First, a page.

September 1, 2017 in Hong Kong

    Wir Frühstücken Dim Sum bei "Tim Ho Wan" und machen uns anschließend mit der Metro auf in Richtung Lantau. Dort fahren wir mit der 5,7 km langen Seilbahn "Ngong Ping 360" gehen durch das Ngong Ping Village und steigen anschließend die 268 Stufen zum "Big Buddha" hinauf. Bevor es mit der Seimbahn wieder hinunter geht besuchten wir noch die nebenan gelegene buddhistische Anlage "Po Lin Monastry"

  • Day4

    Tag 2 Hongkong - Big Buddha

    October 20, 2016 in Hong Kong

    Heute waren wir bei der größten Bronzestatue der Welt - dem Tiam Tan Buddha auf Lantau Island. Der Buddha ist 34m hoch und die weltweit zweitgrößte freistehende Statue.
    Der Weg dorthin war lang, denn aufgrund des guten Wetters (sonnig und ein bisschen bewölkt bei ca. 31°C) haben wir uns für die Seilbahn entschieden, um auf den Berg zu fahren. Dafür mussten wir allerdings gut zwei Stunden in einer Schlange warten. Die Seilbahn fuhr ca. 25 Minuten und von dieser aus, konnten wir den Buddha schon sehen (Bild). Um direkt zum Buddha zu gelangen, mussten wir aber noch 268 Stufen bewältigen - nicht so einfach bei der Hitze😅
    Neben dem Buddha konnte man noch ein buddhistisches Kloster besichtigen. Danach ging es mit der Seilbahn wieder runter und ab in ein Taxi zum Flughafen.
    Der Weiterflug nach Brisbane war zur richtigen Zeit, da in Hongkong für die Nacht ein weiterer Tayfun angekündigt war.
    Read more

  • Day3

    Tian Tan Buddha und Po-Lin-Kloster

    November 2, 2017 in Hong Kong

    Direkt bei der MTR Station Tung Chung startet die Seilbahn nach Ngong Ping Village. Die Fahrt dauert ca. 25min und wer einigermaßen schwindelfrei ist, sollte die Crystal Cabin mit Glasboden nehmen.
    Angekommen gibt es das Po-Lin-Kloster und den Tian Tan Buddha zu sehen. Der Buddha ist mit einer Gesamthöhe von 34m wirklich beeindruckend!

  • Day6

    Big Buddha

    July 15, 2015 in Hong Kong

    Our last day in Hong Kong. It was easier getting up this morning, though it was still the alarm at 8.00am that woke us. We had breakfast again in the lounge, Ed was disappointed with the curry being vegetable!

    We eventually packed our bags - we are going to have to get better at doing this when we are moving around more often in New Zealand, though I guess we will have less time to unpack stuff too. And it's already obvious we are definitely going to have to buy another bag, panda related souvenirs are already starting to fill up the spare space we came with.

    After checking out and booking a car to the airport at 4.30 - managed to convince them a 22 seater would be overkill and an MPV would fit everything in fine - we headed off to the MTR to go on the Cable Car to the Big Buddha.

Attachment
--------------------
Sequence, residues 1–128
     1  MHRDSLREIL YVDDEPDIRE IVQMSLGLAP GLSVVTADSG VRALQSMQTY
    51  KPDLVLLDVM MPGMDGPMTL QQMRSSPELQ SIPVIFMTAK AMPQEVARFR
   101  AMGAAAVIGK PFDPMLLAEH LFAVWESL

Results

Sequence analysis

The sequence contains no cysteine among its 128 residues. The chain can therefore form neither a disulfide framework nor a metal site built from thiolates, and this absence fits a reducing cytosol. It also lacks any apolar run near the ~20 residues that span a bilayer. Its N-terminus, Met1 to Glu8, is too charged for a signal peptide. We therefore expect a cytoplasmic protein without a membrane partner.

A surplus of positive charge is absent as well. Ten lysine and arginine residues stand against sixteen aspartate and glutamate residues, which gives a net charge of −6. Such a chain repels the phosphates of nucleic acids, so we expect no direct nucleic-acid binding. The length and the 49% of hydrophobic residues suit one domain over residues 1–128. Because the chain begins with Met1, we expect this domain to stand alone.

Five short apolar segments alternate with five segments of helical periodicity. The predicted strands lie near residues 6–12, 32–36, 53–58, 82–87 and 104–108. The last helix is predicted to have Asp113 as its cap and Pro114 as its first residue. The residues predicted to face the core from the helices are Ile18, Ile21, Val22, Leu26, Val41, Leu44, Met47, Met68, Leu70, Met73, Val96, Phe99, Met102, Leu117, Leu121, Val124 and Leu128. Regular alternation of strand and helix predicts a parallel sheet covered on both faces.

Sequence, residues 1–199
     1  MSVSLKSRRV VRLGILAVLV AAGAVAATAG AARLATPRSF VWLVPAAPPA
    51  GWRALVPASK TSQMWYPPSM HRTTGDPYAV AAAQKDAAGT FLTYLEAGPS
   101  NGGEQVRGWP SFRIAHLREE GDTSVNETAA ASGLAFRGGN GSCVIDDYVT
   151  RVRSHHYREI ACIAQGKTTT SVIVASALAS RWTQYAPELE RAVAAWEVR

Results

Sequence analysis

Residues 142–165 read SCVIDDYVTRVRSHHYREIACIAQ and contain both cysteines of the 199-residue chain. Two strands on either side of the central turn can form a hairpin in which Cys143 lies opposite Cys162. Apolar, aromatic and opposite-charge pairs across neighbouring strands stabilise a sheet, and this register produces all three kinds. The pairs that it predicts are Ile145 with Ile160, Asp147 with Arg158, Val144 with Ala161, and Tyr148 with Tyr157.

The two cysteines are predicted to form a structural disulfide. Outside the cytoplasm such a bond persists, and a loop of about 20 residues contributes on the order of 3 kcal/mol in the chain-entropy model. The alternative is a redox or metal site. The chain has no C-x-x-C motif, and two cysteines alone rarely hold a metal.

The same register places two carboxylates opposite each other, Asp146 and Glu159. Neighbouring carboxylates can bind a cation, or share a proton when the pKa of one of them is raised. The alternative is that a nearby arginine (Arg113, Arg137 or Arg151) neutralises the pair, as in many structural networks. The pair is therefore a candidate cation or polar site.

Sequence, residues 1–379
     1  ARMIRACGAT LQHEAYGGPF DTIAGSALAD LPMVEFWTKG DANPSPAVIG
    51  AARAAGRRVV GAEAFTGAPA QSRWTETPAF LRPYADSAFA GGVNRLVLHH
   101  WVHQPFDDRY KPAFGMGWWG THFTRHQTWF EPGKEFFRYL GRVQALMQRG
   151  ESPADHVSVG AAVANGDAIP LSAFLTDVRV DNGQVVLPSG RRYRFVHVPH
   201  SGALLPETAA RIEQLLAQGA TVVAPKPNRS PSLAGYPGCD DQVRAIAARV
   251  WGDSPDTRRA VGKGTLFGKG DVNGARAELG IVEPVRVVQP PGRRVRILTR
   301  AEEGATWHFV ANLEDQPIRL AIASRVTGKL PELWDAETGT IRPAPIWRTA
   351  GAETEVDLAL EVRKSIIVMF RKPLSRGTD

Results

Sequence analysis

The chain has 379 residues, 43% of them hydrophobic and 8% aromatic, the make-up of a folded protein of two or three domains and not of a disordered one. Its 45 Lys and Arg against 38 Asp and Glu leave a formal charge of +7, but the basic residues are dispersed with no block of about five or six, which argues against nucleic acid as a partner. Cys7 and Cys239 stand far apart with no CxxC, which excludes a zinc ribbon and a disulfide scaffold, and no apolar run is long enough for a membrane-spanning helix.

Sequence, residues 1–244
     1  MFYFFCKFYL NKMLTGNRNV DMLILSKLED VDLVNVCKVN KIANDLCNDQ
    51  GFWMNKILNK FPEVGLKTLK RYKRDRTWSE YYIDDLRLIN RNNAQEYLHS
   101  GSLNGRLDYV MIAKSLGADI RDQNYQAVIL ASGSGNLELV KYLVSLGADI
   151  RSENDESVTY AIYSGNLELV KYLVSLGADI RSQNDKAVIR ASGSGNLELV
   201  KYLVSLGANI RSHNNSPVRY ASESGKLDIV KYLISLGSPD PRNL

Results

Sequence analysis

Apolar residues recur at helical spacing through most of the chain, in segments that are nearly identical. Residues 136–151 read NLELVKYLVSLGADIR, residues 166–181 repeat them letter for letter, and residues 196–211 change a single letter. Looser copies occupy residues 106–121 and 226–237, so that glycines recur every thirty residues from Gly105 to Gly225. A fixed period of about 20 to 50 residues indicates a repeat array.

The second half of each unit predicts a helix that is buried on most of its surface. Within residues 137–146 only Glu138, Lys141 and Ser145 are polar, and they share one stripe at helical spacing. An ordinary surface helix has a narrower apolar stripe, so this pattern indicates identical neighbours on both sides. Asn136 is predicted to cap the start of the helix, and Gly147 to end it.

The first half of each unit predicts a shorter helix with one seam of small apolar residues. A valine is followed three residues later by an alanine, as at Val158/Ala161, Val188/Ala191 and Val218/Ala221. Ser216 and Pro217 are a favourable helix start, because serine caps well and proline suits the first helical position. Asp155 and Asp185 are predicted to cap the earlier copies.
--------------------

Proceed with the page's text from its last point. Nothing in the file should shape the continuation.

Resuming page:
The train took about half an hour with one change, then a short walk to the cable car ticket office. We just booked the standard cabin rather than the crystal version with a glass floor. The cable car was much longer than we thought, taking about 25 minutes and changing direction a couple of times during the trip.

    We got off and Ed was very hungry (!) so we went into Subway and had sandwiches and a drink. Then we walked over to the Buddha, where we had to climb 100 or so steps to get up to his base - very tiring in the weather and we were dripping with sweat at the top. Fortunately the area under the Buddha was shady and colder and had some big fans blasting out cool air.

    Going down the stairs was easier and we headed back to the cable car for the return trip with one eye on the clock for our 4.30 car. We were paired (possibly not accidentally) with another western family in the cable car. They turned out to be from New Zealand - Invercargill - and had been holidaying in Japan with a stop off on the way home in Hong Kong. They said Japan was a very nice place to visit and easy to get around with a transport pass - one for another year. They gave us there number in Invercargill (Bob and Di) should we need anything whilst passing by and recommended calling in to the museum to see the Tuatara.

    Off the cable car and a quick drink purchased in a 7/11 then back on the tube, arriving at hotel at just after 4. We changed out of shorts into warmer weather gear for NZ. The car arrived and the luggage all fitted! We got to airport at 5 and checked in and ate in lounge - very tasty.
    Read more

You might also know this place by the following names:

Tian Tan Boeddha, Tian Tan Buddha

Join us:

FindPenguins for iOS FindPenguins for Android

Sign up now